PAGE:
10 “Blessed are those who are persecuted for righteousness’ sake, for theirs is the kingdom of heaven.

Those who live this way will be hated by those who don’t want to give up their lusts, because (1) the disciple is a painful reminder to others that they are not following the way of God, and (2) the disciple becomes an obstacle to others fulfilling their lusts, because he will not cooperate.  So persecution comes, but the persecution is OK, because it creates temporal poverty and mortification, which is an assistance in achieving detachment and coming to know God.  Persecutions take away any stake one had in the “kingdom of the Earth,” so that one’s only treasure remains “in Heaven.”  Thus, “all things work together for good for those who love God,” even persecutions.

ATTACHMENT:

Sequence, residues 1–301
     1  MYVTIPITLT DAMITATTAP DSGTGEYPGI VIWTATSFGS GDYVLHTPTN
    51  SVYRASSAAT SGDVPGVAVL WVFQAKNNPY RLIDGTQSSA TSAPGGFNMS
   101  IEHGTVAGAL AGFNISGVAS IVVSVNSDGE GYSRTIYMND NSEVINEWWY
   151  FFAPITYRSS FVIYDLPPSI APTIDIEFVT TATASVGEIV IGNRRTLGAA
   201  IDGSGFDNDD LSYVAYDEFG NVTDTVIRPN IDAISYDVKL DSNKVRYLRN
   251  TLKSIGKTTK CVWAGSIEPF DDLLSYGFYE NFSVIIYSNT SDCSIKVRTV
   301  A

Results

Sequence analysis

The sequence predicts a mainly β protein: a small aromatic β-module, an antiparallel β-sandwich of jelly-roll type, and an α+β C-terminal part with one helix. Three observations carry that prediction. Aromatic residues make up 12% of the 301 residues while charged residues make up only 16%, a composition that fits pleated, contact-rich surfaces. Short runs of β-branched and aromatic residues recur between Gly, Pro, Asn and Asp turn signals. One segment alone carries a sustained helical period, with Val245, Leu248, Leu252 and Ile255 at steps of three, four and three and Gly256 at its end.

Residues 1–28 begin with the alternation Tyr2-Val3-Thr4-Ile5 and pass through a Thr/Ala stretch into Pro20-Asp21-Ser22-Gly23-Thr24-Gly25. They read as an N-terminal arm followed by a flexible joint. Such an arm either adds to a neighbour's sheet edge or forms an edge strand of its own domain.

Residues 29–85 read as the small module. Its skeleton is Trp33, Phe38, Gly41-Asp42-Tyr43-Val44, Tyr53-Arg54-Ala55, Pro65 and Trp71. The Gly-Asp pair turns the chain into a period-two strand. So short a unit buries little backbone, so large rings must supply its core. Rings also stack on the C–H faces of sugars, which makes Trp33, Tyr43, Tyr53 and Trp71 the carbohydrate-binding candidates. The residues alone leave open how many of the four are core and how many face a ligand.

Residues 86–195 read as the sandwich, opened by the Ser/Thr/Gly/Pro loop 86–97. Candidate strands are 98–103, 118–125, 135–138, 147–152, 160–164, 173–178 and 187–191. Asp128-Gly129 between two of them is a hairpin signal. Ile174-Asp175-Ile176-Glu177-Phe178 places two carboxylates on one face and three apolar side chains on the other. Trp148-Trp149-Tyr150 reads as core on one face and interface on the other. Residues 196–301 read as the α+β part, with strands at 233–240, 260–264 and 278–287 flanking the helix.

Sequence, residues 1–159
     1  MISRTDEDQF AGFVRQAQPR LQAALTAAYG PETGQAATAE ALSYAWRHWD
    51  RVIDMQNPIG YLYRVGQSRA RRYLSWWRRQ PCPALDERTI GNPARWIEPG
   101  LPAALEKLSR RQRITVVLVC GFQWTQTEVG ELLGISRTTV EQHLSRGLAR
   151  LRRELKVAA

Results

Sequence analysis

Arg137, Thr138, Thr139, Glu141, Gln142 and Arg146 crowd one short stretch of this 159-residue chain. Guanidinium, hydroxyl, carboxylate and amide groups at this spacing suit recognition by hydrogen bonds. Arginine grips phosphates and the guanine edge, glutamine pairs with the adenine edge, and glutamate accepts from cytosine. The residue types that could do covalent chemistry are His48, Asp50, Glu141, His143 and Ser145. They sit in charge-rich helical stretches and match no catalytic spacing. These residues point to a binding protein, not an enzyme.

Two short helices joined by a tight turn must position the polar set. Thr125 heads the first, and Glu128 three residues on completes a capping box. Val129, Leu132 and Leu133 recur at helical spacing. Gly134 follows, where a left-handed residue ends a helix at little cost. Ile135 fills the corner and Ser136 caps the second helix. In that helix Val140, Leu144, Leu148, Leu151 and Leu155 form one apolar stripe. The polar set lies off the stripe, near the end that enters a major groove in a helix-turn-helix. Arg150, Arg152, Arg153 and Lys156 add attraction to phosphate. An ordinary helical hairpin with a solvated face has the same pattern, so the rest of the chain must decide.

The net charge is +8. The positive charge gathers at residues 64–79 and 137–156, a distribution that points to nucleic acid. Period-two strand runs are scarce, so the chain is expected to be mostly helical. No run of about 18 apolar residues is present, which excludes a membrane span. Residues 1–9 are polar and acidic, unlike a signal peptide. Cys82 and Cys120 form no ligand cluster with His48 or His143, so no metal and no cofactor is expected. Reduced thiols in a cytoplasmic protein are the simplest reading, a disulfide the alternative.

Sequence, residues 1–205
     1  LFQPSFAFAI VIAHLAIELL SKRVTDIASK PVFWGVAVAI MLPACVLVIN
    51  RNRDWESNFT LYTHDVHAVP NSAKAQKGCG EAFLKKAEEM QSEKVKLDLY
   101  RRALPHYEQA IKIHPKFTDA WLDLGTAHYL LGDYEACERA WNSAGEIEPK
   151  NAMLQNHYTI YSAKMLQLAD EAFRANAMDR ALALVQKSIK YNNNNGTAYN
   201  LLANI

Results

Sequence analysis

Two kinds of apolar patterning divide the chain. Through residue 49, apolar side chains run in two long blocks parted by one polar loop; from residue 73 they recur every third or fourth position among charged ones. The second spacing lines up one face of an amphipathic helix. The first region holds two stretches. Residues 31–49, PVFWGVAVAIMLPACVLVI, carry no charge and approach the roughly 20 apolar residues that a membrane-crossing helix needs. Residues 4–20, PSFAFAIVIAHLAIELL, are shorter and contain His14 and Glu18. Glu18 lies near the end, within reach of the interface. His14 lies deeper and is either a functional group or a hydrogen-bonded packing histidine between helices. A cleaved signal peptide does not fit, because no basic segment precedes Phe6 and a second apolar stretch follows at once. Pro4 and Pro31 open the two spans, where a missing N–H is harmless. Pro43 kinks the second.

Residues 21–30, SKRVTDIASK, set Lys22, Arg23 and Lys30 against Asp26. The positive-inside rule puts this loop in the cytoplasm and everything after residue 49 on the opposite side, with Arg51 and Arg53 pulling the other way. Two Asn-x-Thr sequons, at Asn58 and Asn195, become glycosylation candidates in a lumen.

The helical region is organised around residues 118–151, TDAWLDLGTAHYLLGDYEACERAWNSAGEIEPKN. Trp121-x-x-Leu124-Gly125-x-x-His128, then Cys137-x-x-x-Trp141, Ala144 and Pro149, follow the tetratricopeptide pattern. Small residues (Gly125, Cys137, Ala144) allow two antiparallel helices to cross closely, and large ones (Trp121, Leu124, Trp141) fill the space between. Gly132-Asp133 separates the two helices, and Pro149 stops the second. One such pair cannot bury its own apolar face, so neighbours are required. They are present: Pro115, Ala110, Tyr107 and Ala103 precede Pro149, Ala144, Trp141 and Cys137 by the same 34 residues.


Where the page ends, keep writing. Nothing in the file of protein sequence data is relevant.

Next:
All Saints is a great feast of triumph, a triumph that in one sense even “exceeds” the triumph of Easter.  For on Easter we celebrate the victory of the God-man over evil; whereas on All Saints we celebrate the victory of frail human beings over evil.  Not that we pit the two against each other; but we triumph in the power of God who conquers through weakness, even the weaknesses of his servants.  We should remember, after all, that the saints were not super-human, nor is holiness outside the reach of each one of us.  Holiness requires only the constant submission to the leading of the Holy Spirit in our lives, moment by moment, through each day.  This is possible through the grace we receive in the Sacraments.  Each one of us is called by our baptism to sainthood, and God does not call us to the impossible.